Research shows that larger universities typically prefer a best-of-breed solution approach with hand-picked departmental tools, e.g., student information, finance, and HR, while smaller institutions often opt for a single technology vendor to provide a full enterprise administrative suite.

Regardless of which path they take, one thing remains clear: Technology integration is a stumbling block for many teams and it is incumbent upon vendors to make this easier. As many solutions are now hosted in hybrid cloud environments with tools being hosted by different cloud providers, e.g., AWS, Google, Microsoft Azure, it can be tough to seamlessly connect the various solutions.

Unfortunately, this challenge can prevent institutions from realizing the full benefits of innovation and hinder their ability to drive overall student success. For example, if a student success solution doesn’t interface well with the institution’s student information system, it becomes difficult to guide a student’s progress at the institution. As advisers, faculty and other stakeholders rely on various information systems that guide students toward degree completion and post-degree career success, smoothing out the technology integration bumps will be a big priority for campuses in 2020.

Diversifying revenue sources

Two of the biggest problems facing today’s institutions are flat or reduced enrollment and the continued reliance on discounted tuition rates. Incoming full-time freshmen students are currently paying less than half of their full-price tuition at private, nonprofit colleges and universities, according to the National Association of College and University Business Officers (NACUBO). Also, many students are entering college with more course credit than ever. Both of these factors significantly impact lifetime student revenue potential for colleges or universities.

As a result, retention and diversification of target students becomes more important than ever for both private and public institutions. While an institution may have previously designated its primary target student population as 18-year-old traditional students, this is no longer a sustainable revenue model. We are seeing major shifts as recruitment teams are now branching out with stronger efforts to serve the “post-traditional learner” as a critical revenue source. For example, more than 36 million people across the country have earned partial degree qualifications.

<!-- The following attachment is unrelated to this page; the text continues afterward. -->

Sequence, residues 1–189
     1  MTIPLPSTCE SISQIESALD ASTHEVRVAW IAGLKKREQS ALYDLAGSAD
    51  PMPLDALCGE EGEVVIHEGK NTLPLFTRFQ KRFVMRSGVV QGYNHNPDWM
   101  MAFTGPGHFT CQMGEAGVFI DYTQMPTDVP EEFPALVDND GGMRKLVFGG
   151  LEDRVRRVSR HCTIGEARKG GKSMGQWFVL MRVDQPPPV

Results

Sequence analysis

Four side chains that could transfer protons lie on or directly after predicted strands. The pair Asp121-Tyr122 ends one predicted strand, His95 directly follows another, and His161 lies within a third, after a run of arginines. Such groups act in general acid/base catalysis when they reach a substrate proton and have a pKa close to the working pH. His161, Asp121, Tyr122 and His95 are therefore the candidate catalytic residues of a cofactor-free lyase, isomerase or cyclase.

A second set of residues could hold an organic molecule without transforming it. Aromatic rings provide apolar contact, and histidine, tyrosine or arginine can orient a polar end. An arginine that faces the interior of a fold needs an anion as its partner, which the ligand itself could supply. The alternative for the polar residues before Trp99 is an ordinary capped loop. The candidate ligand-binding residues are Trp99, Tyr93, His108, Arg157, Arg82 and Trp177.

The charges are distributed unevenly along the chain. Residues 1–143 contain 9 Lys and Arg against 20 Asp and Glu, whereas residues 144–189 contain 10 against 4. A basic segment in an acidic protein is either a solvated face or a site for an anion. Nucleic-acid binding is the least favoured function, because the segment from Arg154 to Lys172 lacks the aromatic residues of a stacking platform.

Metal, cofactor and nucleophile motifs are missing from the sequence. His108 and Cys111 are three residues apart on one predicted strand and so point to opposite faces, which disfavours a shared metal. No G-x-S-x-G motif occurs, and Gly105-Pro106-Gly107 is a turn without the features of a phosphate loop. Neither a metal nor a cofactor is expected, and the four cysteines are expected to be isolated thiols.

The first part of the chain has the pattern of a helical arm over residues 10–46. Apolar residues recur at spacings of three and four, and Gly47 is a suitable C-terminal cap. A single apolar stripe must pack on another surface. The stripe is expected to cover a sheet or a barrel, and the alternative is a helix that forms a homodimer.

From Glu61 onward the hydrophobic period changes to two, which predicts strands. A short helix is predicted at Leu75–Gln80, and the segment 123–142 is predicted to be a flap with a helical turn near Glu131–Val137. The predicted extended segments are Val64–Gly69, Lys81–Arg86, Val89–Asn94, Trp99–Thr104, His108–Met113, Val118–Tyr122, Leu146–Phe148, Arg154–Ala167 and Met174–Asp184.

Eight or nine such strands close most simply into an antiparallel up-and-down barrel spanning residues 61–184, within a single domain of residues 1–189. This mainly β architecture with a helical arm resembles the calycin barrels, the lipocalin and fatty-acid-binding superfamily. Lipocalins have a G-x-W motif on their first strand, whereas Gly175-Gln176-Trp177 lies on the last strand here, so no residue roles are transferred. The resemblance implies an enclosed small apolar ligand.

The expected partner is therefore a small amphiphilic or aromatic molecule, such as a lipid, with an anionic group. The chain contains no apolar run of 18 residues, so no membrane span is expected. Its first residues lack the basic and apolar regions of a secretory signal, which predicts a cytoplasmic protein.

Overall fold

What’s ahead for higher ed in 2020?

These individuals represent an opportunity to re-engage former students as they have already invested in part of their higher ed degree. To meet the needs of more nontraditional student segments – including those returning with partial credit and perhaps others who are motivated by employer tuition reimbursement programs – we are seeing more institutions modifying their learning delivery approaches to include stronger online and hybrid enrollment and learning options.

As another revenue source, we expect to see more public-private revenue sharing partnerships for higher education housing, parking systems, and other infrastructure and non-academic-operational-related areas. This provides an additional revenue stream while allowing third-party companies to partner with institutions for mutually-beneficial monetary benefits.

Virtual access for international students

International students have traditionally played a key role in U.S. institutions’ global community and have long served as a major revenue source. However, as international student enrollment numbers have declined over the last few years, we see universities and colleges looking to tap into new ways of connecting with the international community – namely through online, virtual learning platforms that cater to the learner on their turf. Companies like Cintana and Avenu Learning will offer U.S. institutions the ability to recruit and deliver courses to students who remain in their home countries while they pursue their degree.

Overall, as higher ed continues to evolve, with student populations and needs becoming more diverse, we expect to see ongoing changes from institutions in 2020 in response. Ranging from technology investments with a higher priority on integration, to branching out to new revenue sources and serving international and remote students more robustly, U.S. colleges and universities have major opportunities in 2020 to tap into new areas that will help their valued students succeed in and the actual institutions thrive in the new higher ed landscape.

About the Author:

Rob Sparks is Chief Marketing Officer of Campus Management.

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